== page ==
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Hannspree HQ272PQD review: Packs a quantum dot punch

Quantum dot technology has been getting people excited for years, especially in TVs. The promise? Vivid images, longevity and competitive prices. Kind of like OLED but without the price premium. Here, Hannspree (technically, its parent firm Hanns.G, but let's keep things simple) is among the first to deliver an affordable desktop monitor that incorporates quantum dots.

While it's one of Hannspree's more expensive 27in monitors, it isn't exactly flash. You'll need to screw in the stand yourself, and once in place don't expect height adjustability, pivot or even swivel. This is a "put it on the desk and leave it there" kind of stand. There's a -5°/15° tilt and that's your lot. The 2cm-thick bezel rules out side by side installation, too.

Instead, this monitor is all about the panel. As soon as you switch it on, you should notice that colours are more vivid than your previous screen. This was amply illustrated by our roster of technical tests. Hannspree claims it can produce 1.07 billion colours, with colour gamut coverage of 110% for NTSC, 116% for Adobe RGB and 156% for sRGB. That largely matched our testing figures.

Those figures require a little explanation, though. It doesn't mean that this screen can display 100% of the sRGB gamut with total accuracy, which is what it sounds like. In fact, our tests showed that this monitor can display 99% of the sRGB gamut; the "extra" of the 156% reflects that the 1.07 billion colours it can show extend beyond the sRGB definition. For the record, though, 99% is a great figure - most monitors will be 90% or below.

Less great is this monitor's colour accuracy. As ever, if this is important to your workflow, you need a screen capable of hardware calibration, such as the Eizo ColorEdge CG279X, which had a Delta E (a measure of colour accuracy, with 0 being a Platonic ideal) of 0.3. The Hannspree returned a mediocre average of 4.3, maxing out at 11 for blues.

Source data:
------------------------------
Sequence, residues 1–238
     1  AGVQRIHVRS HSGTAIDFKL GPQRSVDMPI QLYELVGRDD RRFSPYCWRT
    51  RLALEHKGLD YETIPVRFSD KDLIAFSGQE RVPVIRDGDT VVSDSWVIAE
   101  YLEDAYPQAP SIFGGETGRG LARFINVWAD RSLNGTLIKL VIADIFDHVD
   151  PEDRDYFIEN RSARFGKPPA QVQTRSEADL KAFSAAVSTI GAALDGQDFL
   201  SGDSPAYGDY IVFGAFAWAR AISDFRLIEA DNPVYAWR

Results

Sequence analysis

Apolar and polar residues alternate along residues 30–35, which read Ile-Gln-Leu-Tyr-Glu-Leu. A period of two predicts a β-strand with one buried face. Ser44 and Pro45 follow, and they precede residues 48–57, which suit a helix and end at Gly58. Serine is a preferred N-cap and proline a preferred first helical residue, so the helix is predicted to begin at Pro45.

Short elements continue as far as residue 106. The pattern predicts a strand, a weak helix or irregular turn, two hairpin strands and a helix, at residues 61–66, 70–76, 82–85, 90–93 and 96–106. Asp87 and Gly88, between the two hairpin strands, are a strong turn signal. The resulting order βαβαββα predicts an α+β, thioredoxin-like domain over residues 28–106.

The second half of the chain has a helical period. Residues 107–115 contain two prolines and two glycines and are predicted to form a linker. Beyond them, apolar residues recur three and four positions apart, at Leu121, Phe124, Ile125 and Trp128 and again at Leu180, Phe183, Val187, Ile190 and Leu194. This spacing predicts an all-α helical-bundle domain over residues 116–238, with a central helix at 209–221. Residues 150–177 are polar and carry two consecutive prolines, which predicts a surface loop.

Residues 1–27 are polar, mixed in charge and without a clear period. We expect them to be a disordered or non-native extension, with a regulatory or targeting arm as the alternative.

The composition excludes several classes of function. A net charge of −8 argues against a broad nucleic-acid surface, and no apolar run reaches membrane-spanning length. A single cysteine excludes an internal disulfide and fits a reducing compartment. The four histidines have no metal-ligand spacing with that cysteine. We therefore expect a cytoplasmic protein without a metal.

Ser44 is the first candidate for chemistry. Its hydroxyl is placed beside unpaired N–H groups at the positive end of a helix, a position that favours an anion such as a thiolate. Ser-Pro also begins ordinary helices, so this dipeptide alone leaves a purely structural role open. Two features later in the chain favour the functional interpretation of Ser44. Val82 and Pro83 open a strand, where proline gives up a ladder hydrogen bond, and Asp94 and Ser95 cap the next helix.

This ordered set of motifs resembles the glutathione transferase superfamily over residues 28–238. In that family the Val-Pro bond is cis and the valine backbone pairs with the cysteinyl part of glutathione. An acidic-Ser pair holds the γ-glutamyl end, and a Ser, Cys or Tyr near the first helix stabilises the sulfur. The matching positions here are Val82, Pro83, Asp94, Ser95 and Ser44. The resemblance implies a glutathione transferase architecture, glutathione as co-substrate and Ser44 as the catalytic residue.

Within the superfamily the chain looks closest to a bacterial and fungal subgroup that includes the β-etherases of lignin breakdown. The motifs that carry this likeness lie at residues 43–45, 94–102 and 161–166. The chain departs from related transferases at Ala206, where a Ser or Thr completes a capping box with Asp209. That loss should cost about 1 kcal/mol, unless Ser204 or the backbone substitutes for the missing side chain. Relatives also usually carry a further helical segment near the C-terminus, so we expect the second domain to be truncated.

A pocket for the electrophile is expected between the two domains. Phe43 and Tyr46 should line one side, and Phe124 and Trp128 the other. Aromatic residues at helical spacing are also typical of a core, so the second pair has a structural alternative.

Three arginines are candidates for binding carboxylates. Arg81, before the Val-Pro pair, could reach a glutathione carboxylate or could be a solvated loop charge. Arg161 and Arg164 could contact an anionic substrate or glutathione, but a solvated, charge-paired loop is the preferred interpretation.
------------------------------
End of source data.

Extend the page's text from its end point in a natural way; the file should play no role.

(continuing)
You can tweak this by using the custom colour mode in the OSD, but you'll never get anything close to the accuracy of the Eizo. The question is whether this matters, and to most people - including us - it doesn't. Sure, photos can look oversaturated, but skin tones look fine and some people prefer images to have extra zing.

Another factor in this screen's favour is its excellent viewing angles. There's a tiny amount of colour drift as you move your head from side to side, but you'll only notice it when you're looking for the effect. A maximum brightness of 250cd/m2 is fine for most office environments too, and we measured contrast at 1,108:1. More than good enough to view dark scenes in Netflix.

One more reason this screen might appeal is its flexibility. While the lack of accuracy rules it out for graphic designers, photographers and video editors, it's well suited to any other task we can think of. For instance, this is a fine screen for gamers, with a 5ms grey-to-grey response time if you switch on Overdrive via the OSD. You don't get AMD FreeSync or Nvidia G-Sync support, and its refresh rate maxes out at 60Hz, but casual gamers will be happy.

It's also a decent choice for office use. The anti-glare coating proved effective, there's a 100 x 100mm VESA mounting, while a pair of 2W speakers mean you don't need to slip on earphones to hear Windows notifications. Music sounds appalling through them, though, so have some ready for any tunes.

There are plenty of connections, too: two HDMI 2 inputs (both support HDCP 1.4), a full-size DisplayPort and mini-DisplayPort. Only USB-C and legacy DVI inputs are absent. You may find the OSD a pain to use, though, with four buttons on the bottom edge of the front bezel that confusingly switch between navigation and selection. We couldn't get the hang of it.

Nevertheless, we do like this monitor. It's expensive for a 27in screen with a 2,560 x 1,440 resolution - you can buy 32in 4K screens for this price - but if you're after a screen that packs a quantum dot punch then it fits the bill perfectly.

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